were amikacin and colistin, and showed 30% and 11% of
the isolates as resistant phenotypes (respectively), during
studies of first isolates. Total 36 repeat isolates were in-
cluded in this study. Some patients had no repeat isolates
whereas some cases had more than two. A separate anal-
ysis was performed on these two groups, and their anti-
biogram and risk factor analysis were compared. The
comparison demonstrates an increase in resistance in the
repeat isolates against almost all antibiotics tested (Fig-
ure 1). The levels of resistance have increased by 30%
for levofloxacin, by 32% for trimethoprim-sulfamethoxa-
Copyright © 2013 SciRes. AID
Patient Demographics and Characteristics of Infection with Carbapenem-Resistant Acinetobacter baumannii in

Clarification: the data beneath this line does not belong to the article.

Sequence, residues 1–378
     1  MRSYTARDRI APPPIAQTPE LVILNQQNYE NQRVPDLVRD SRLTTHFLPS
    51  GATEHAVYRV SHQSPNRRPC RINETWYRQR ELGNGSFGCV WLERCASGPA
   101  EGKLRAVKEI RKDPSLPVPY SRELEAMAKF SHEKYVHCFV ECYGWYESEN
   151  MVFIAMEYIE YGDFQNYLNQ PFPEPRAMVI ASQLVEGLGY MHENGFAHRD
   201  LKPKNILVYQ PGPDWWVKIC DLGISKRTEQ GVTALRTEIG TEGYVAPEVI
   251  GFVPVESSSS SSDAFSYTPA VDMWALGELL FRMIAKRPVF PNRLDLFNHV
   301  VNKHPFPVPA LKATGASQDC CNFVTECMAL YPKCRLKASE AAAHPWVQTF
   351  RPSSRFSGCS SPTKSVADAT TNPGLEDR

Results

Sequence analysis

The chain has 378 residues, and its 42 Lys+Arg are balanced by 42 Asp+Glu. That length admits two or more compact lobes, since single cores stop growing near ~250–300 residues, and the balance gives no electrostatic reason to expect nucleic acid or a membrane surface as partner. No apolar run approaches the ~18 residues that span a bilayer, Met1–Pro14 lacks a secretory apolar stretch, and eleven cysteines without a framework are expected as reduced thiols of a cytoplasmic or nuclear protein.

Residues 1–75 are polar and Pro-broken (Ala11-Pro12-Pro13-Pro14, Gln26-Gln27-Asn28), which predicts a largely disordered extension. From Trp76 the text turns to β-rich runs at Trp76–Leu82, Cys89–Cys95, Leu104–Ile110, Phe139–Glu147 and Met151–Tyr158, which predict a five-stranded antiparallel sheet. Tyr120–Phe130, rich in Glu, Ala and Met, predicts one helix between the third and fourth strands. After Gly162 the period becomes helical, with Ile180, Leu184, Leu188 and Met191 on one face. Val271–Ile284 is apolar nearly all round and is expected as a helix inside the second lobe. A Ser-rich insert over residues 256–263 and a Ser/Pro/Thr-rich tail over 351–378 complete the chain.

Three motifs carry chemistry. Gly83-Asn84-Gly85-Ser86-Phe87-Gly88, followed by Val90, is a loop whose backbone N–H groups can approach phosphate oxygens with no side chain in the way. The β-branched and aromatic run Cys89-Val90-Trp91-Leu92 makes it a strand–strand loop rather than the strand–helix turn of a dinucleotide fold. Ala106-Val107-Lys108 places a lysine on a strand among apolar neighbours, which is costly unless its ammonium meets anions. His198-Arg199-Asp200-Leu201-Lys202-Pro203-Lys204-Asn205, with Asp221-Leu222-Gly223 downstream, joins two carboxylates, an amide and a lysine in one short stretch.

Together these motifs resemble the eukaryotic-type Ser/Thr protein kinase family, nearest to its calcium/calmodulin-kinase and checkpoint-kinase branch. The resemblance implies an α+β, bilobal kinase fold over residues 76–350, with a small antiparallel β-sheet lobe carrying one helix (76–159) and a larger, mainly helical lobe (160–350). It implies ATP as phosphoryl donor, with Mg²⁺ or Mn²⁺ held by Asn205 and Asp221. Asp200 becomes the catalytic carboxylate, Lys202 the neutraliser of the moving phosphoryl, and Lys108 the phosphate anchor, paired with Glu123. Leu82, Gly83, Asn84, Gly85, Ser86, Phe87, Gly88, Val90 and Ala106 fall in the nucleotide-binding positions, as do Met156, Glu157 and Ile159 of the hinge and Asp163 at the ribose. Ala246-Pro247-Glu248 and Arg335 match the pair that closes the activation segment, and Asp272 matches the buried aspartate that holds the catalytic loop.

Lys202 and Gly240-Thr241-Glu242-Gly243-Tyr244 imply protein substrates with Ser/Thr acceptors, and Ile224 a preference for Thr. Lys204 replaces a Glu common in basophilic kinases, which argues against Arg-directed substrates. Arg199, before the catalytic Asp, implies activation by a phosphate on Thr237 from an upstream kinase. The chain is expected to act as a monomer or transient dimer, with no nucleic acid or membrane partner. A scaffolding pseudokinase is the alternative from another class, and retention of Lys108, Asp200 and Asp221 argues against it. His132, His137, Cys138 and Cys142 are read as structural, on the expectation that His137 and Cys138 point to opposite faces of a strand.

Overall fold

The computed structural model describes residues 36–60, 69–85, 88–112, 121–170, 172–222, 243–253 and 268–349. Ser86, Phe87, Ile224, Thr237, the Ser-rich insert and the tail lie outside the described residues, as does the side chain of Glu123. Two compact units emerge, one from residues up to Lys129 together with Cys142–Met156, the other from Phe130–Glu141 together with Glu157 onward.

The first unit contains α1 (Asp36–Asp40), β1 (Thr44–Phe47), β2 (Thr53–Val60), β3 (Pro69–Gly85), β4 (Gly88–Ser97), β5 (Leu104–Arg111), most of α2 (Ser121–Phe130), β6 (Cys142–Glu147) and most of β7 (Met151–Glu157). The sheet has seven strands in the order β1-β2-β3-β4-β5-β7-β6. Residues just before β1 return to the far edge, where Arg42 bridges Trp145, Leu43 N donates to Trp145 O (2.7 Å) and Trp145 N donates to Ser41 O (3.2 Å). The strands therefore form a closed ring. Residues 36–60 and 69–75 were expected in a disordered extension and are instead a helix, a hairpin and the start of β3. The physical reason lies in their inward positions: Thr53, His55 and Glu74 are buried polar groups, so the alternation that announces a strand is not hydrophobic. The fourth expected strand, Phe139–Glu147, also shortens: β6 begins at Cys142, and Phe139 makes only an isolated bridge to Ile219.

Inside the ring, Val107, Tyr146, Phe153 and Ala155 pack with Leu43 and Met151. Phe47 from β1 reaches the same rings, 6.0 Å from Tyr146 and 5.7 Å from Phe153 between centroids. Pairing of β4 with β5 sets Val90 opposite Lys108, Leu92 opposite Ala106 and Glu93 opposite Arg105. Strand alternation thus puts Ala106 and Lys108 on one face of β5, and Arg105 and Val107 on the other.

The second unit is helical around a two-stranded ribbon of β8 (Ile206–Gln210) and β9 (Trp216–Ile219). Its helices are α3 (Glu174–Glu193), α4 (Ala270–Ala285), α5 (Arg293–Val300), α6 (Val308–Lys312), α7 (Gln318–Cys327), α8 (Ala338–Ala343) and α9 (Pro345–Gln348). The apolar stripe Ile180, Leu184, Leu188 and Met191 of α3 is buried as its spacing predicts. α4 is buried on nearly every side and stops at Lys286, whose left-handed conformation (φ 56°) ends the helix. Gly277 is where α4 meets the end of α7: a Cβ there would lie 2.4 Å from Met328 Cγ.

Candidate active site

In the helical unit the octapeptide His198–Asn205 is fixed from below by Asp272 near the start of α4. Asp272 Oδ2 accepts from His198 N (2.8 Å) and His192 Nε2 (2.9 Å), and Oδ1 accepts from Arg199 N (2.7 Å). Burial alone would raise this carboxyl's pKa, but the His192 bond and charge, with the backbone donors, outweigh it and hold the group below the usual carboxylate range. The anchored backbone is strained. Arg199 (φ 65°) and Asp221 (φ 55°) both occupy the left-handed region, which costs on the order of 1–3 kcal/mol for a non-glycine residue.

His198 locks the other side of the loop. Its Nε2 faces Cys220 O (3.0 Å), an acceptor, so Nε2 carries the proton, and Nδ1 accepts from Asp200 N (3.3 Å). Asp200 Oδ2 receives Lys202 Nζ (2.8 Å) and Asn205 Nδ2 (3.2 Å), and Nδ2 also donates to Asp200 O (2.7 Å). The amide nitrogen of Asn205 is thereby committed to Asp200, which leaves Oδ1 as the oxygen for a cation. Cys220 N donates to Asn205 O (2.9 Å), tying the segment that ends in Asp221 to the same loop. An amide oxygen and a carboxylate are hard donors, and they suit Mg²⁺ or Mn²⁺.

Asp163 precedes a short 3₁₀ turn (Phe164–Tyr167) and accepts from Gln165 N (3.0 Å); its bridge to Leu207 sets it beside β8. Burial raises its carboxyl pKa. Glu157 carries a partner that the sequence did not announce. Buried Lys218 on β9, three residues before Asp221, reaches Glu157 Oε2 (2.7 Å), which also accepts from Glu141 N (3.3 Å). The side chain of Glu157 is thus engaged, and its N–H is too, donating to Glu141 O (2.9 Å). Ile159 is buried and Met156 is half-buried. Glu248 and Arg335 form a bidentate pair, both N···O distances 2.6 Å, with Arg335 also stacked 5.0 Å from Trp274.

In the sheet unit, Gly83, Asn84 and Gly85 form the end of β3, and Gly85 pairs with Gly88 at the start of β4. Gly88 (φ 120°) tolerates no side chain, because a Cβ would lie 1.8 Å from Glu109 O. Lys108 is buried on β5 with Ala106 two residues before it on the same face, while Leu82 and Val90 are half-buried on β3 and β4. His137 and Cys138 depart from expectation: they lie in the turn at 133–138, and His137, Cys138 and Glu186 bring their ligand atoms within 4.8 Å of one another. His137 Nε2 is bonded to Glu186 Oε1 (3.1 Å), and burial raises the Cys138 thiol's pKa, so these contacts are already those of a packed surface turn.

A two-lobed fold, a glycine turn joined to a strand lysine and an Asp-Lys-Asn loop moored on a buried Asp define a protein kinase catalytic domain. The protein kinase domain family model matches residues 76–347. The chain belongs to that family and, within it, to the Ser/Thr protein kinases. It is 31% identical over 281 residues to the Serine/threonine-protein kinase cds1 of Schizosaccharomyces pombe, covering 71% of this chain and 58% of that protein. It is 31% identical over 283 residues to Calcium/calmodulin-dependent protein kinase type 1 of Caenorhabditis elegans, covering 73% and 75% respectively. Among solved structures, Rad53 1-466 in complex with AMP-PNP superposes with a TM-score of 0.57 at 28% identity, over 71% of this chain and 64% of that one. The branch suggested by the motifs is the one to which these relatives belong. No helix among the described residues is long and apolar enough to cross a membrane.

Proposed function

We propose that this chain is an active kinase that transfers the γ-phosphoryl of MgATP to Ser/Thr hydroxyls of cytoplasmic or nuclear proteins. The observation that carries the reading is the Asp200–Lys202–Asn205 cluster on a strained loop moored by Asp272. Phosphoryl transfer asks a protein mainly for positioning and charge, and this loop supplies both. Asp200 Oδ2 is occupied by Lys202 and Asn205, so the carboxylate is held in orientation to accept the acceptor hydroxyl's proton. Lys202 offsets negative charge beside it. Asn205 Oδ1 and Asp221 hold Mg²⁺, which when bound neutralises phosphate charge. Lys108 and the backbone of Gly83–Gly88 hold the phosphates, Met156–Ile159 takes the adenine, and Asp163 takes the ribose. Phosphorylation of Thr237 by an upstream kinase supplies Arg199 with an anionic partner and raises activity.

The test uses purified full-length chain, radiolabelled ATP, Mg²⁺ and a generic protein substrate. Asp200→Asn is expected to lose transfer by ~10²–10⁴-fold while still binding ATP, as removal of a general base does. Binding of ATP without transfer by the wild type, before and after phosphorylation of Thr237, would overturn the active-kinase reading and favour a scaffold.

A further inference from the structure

a Teaching Hospital from the United States
Copyright © 2013 SciRes. AID
Table 1. Clinical demographic characteristics of Acinetobacter baumannii infections.
Characteristic Number of patients
(n = 64) Total (%)Groups to compare OR 95% CI RRP value
18 to 40 years 18 28 Working group vs seniors6.01 2.82 - 13.0 2.50.0001
41 to 64 years 27 42
65 years and older 18 28
Infant 1 3
Female 24 37
Male 40 63
Male vs female 2.78 1.36 - 5.68 1.670.0078
Duration of hospital stay
Same-day discharge 4 6
1 week 15 23
More than 1 week but less than 1
month 26 39
More than 1 month 21 32 <1 month vs >1 month 3.51 1.71 - 7.20 1.950.0009
Characteristic Number of cases
(n = 100) Total (%) OR CI RRP value
Time to culture of samples
Day of admission 29 29
Less than 1 week of hospitalization 22 22
More than 1 week but less than 1
month 31 31
More than 1 month 18 18
Source of sample
Anerobe 9 9
Blood 10 10
Sputum vs blood 8.65 4.03 - 18.53 4.90.0001
Bronchi 7 7
Tissue 1 1
Urine 13 13
Wound 11 11
Sputum vs wound 7.77 3.71 - 16.28 4.450.0001
Sputum 49 49
Sputum vs bronchial wash12.76 5.39 - 30.24 7 0.0001
oxazole (Bactrim), and colistin to 22%. There was an